Comparison of the guides and textbooks allows us to consider any boundary between lay and professional knowledge and practice. Although the guides were catering for a lay readership, they frequently included detailed information and instruction. This might suggest a blurred boundary between lay and professional spheres, as Wood (2013) noted for aspects of nursing care described by domestic health guides and nursing textbooks. The significant difference with the midwifery textbooks, however, was that they provided a rationale and scientific (including bacteriological) basis for their instructions. Professional knowledge and practice were therefore to be grounded in a clear articulation of science and reasoned argument.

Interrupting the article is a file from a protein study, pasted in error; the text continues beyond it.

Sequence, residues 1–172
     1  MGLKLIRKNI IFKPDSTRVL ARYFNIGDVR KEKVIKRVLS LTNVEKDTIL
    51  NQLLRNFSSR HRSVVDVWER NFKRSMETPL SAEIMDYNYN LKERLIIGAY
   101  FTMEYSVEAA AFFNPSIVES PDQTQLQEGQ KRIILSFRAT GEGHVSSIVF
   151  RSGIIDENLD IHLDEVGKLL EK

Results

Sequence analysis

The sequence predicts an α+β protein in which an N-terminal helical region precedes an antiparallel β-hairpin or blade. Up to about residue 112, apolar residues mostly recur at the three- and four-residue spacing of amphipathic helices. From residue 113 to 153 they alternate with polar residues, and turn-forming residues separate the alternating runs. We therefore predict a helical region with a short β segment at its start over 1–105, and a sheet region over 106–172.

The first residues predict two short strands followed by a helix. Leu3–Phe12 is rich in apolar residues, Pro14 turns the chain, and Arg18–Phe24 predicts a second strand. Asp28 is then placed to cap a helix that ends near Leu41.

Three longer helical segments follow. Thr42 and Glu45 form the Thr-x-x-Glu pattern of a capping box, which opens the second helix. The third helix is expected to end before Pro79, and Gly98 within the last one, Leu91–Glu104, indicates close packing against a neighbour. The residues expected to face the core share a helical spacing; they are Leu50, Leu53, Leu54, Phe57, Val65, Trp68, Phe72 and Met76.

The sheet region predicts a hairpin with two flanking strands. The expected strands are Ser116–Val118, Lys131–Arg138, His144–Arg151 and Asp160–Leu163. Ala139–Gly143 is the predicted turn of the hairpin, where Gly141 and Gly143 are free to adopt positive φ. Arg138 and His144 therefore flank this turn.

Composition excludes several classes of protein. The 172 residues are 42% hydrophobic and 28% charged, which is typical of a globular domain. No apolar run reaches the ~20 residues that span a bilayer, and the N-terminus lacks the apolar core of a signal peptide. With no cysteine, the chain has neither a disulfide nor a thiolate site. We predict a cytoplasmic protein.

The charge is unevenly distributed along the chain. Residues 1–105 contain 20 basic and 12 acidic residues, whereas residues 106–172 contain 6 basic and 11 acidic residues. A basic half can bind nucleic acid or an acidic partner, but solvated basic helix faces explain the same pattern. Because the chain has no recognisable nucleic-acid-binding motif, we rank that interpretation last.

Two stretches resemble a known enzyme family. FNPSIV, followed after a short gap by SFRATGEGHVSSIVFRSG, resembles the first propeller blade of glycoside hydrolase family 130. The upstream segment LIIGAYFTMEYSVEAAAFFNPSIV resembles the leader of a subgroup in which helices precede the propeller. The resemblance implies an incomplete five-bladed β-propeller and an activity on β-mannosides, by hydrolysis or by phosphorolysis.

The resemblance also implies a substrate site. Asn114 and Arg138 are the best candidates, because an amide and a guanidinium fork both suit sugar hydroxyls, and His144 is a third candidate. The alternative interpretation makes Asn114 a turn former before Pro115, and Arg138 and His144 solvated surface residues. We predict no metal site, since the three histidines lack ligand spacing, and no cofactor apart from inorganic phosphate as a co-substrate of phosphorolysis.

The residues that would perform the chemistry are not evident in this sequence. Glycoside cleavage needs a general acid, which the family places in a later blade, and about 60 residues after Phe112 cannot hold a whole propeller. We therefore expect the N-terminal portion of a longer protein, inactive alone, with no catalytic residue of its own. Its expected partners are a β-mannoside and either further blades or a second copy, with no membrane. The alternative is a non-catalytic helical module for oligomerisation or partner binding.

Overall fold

The remaining problem, though, was the differentiation between midwifery and medicine. Midwifery in Australia gradually achieved professional recognition (for example, through state registration) during the early decades of this time period (Grehan, 2004). New Zealand midwifery had achieved state registration in 1904. The crux of registration was to mark a clear boundary between professional midwives and untrained handywomen. Midwifery textbooks, written by doctors, delineated the boundaries of midwives' professional knowledge. The irony was that they felt bound to provide more information than they might have wished in order to ensure the midwife could effectively assist them. Jellett (1929) described his textbook as offering information beyond the midwife's "everyday practice" for this reason. She should consequently take care that the knowledge did not "lead her to assume responsibilities which she is unable or forbidden to discharge". She should remember "her work in life is to be a good nurse and not a bad doctor" (p.vi). Midwifery textbooks, written by doctors, therefore attempted to strictly confine the midwife's role to one of support for the doctor attending the woman during childbirth. They assumed a professional hierarchy. Midwives, however, were able to practise independently and many did so, running their own "maternity homes" or hospitals, usually of two to six beds, or attending women in their homes.